The healthy balance of bacteria in our guts also helps prevent disease-causing bacteria to get a “foothold”. Think of the gut as a “tube within a tube”. Essentially, the insides of your gut are “outside” your body—so the bacteria the live there provide a first line of defense against disease causing bacteria and help educate the immune system regarding what is “foreign” (and needs to be removed) and what is “self”. (When the immune system gets “mixed up” about what is self and what is foreign to it—autoimmune disease can be the result.)
What are prebiotics and probiotics?
Prebiotics are defined as un-digestible foods that can stimulate the growth and activity of beneficial species of bacteria in the small and large intestines—the gut. Prebiotics are fermented in the gut, and these fermentation products (which, yes, can produce gas) can help feed the healthy bacteria.
Fructo-oligosaccharides (FOS) and inulin are examples of prebiotics. Prebiotics are found naturally in most high fiber foods such as fruits, vegetables, vegetable greens and legumes such as beans and lentils. The bacteria in the gut take these prebiotics, ferment them and feed off the prebiotics in order to sustain their own healthy populations—and in that way, help sustain our health.
Probiotics, on the other hand, are mixtures of bacteria and yeasts that our guts need to maintain health—these include species of Lactobacillus (L. acidophilus, L. rhamnosus, L. bulgaricus, L. reuteri, L. casei), species of Bifidobacterium and Saccharomyces boulardii, a yeast that does not cause disease. When we are born, there are no bacteria in the gut—breastfeeding is the way the gut is “colonized” naturally—this is one of the biggest advantages of breastfeeding.
One of the best food sources of these types of bacteria is yogurt with active cultures. Probiotics are used to treat a variety of intestinal disorders such as antibiotic-induced and infectious diarrhea, irritable bowel syndromes, skin disorders and allergic disorders.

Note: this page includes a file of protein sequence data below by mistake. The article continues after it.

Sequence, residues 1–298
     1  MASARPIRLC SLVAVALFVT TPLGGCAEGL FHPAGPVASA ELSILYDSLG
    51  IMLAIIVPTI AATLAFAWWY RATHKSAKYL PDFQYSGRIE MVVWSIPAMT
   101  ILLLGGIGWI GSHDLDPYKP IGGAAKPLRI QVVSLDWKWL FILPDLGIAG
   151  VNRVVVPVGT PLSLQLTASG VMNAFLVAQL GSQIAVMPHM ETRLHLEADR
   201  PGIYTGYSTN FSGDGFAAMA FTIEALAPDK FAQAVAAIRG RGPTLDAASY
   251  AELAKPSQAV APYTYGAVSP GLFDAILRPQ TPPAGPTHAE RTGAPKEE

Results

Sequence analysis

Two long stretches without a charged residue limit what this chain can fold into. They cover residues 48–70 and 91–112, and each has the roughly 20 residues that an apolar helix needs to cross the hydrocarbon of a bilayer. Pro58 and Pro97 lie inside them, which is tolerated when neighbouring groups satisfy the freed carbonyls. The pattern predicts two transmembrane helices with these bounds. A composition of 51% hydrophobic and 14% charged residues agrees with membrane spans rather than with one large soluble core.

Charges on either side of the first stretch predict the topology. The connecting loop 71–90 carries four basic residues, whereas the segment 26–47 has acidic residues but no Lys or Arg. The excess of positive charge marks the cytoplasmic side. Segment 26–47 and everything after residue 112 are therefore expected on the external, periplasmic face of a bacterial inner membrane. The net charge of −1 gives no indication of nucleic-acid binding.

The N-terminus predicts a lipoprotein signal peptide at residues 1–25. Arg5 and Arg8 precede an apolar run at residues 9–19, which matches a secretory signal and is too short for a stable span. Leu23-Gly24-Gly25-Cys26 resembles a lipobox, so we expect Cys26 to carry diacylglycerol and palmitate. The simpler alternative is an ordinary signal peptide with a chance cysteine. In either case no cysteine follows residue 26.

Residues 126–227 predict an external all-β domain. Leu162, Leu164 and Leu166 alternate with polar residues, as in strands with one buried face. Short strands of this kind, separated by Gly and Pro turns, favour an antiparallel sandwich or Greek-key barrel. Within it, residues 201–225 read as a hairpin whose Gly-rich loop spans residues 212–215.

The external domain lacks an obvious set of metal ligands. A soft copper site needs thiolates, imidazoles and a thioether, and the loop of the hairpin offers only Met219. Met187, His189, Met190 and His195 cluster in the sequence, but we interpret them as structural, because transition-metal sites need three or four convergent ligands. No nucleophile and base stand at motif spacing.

Can probiotics treat any disorders?
Some of the most research has been done in the area of using probiotics to treat Irritable Bowel Syndrome. Most studies have used Lactobacillus GG, L plantarum, L acidophilus and L casei, and most studies have shown improvement in symptoms such as bloating, excess gas, and constipation.
Positive results in treating chronic and acutediarrhea have been obtained as well. Many physicians are beginning to recommend that anytime anyone is on a course of antibiotics, they take probiotics as well, generally within 3 days of starting antibiotic treatment.
Many physicians also recommend probiotics for the treatment of eczema, particularly in babies. In this area, there is quite a bit of controversy as to which strains, or combination of strains may be the best—this is because there have been conflicting results in some of the studies. The frequency of food sensitivities also seems to decrease with the use of probiotics in children. The use of specific probiotics was helpful in cases of ulcerative colitis as well.
Taking probiotic supplements may be very reasonable if you are taking antibiotics, have IBS or generalized abdominal discomfort or have food sensitivities. Eating a diet high in vegetable and fruit fiber along with a daily serving of yogurt should supply you with the healthy bacteria and prebiotics that you need. For women—this is also a good solution to reduce the number of vaginal infections.
If you have been taking antibiotics or have an intestinal disorder, talk to your physician about using probiotics and prebiotics as a supplement. There are no known contraindications and very few adverse effects with taking probiotics—these adverse effects were mainly gas and mild abdominal discomfort.